John 5 tells an odd healing story. A sick guy hangs out by what he thinks is the solution to his problem, a healing pool, but day after day fails to have the help and ability to reach his goal. Jesus, the Creator and Healer, walks through crowds of sick people to this particular man and asks the question everyone in that crowd is after,
“would you like to get well?”
Duh! It says this guy was sick for 38 years. The very thing he had been hoping for, waiting for, trying for, crying for, and dreaming of was to be well. Jesus asked a simple yes or no question, and received a list of good excuses.
Deep down inside I love a good excuse. When I ran late to work and hit a patch of bad traffic, phew, now I have a good excuse for my boss. It’s raining so I can’t go running. I’m sick so I have to cancel.
When you are moving homes it becomes a good excuse to stop eating well, exercising, and it gets us out of commitments. It justifies being frazzled, forgetful and overwhelmed. It’s why you are lonely, angry, and resentful.
But the danger in this story isn’t in making excuses but clinging to excuses. We must admit to Jesus we can’t heal ourselves and that we need His power to stand up, pick up and move on. The danger was in choice the man faced, that we all face. Would he obey Jesus or cling to his excuses?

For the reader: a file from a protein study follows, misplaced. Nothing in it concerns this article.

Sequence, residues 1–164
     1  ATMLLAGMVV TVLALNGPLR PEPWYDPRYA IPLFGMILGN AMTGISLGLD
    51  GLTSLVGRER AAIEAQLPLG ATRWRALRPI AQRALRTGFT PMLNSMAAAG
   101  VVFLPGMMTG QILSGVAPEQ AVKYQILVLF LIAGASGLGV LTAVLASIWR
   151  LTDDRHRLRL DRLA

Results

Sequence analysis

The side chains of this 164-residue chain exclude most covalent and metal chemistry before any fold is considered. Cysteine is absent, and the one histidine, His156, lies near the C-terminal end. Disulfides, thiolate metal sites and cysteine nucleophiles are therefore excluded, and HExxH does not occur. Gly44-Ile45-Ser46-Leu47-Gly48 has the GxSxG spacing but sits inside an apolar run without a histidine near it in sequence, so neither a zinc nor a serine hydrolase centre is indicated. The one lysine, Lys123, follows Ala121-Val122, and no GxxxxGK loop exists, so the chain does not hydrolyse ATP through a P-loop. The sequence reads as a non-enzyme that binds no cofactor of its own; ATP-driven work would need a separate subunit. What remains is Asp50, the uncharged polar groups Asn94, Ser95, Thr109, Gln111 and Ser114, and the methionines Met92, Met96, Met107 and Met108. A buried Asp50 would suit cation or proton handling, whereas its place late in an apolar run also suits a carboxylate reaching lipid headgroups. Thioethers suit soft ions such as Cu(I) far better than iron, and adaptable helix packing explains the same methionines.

But it is hard to change, even when you want to be well. I want new friends but it is easier to stay on my mat and scroll the FB feed to see what my old friends are up to. I want to get up early and have quiet time with God, I know that will make me well, but it is easier to stay on my mat and snooze another hour. And I want to be settled in my new home but if I finish unpacking the boxes, then I don’t have the excuse that I am still moving in and I love a good excuse.
Jesus is invitational not forceful. He asks to make sure we really want to and are ready to change. Jesus wants to change our attitudes not our circumstances. Jesus wants to change our hearts from broken to healed, change our resentment to grace, and change our selfishness to loving others. He changes our focus from the healing to himself, the Healer. He listens to our excuses yet still graciously empowers us to get up, pick up our responsibilities and move on.
What has you stuck in life? What hopes and dreams seem out of reach? Have you encountered Jesus lately? His invitation stands, “would you like to get well?” The solution to your problems isn’t other people or different circumstances or better resources. Jesus is the Healer. If you believe in Jesus as your Lord and Savior than you are healed. I don’t know if the man felt his healing, saw a physical difference or just had to have faith enough to get up to see if it worked by taking one small step at a time.
The irony of this story is that after his miraculous healing he doesn’t skip off into the sunset, he walks into a bigger problem. He encounters some Jewish leaders who accuse him of working on the Sabbath, an offense punishable by death (See Numbers 15: 32-36). The man reverts right back to excuses, blaming Jesus for telling him to carry his mat. How quickly we can revert to our excuses.
Jesus catches back up with the man and encourages him to stop sinning. What sin is Jesus talking about? He had been invalid for 38 years, he couldn’t have been up to anything too devious. He wouldn’t have corrected him for carrying his mat like the people were trying to accuse him. Jesus was addressing his heart attitude. To stop relying on excuses in life and start relying on Jesus instead. Jesus is Healer, would you like to get well?”